Kernel performance tweaks
The Linux kernel operates at the most fundamental (hardware) level, and it is responsible for providing the many software abstractions that modern Linux systems rely upon. Fundamentally, the job of the kernel is to provide all of these conveniences while keeping out of the way as much as possible. Time spent by the kernel is time that cannot be spent performing useful work within application code, even if that application is the latest version of Angry Birds. The kernel is also intended to run on a wide range of different hardware systems ‘out of the box’ – from the smallest embedded device, to the largest supercomputer. As such, the many algorithms it uses have been heavily optimised over the past two decades, but there are limits.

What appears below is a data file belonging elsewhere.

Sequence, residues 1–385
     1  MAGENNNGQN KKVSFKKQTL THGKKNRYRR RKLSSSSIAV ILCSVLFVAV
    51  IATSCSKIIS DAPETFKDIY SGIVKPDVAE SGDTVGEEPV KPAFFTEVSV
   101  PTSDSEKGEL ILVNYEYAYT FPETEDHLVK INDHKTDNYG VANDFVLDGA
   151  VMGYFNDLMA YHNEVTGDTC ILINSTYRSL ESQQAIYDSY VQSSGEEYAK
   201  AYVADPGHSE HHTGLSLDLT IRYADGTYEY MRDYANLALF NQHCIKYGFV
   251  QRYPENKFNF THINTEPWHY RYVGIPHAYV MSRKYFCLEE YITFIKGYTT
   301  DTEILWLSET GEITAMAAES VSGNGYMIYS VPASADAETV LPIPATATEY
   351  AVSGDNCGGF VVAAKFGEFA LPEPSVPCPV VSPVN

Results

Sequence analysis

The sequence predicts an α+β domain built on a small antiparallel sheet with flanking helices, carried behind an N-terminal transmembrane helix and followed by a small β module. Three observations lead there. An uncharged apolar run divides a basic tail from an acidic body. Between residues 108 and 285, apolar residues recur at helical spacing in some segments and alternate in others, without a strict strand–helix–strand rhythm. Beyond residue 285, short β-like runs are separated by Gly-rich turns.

It’s a fact of life that a system used predominantly as a desktop, for example, has different needs from (say) a system used to process real-time stock trade transactions, or to serve webpages to millions of social media consumers. These different use cases have lead to various flexibility, especially in the scheduling algorithms used within the kernel to determine which task (user application process) should receive time (quantum) on the CPU(s), or which I/O blocks should be written out to disk next.
rest here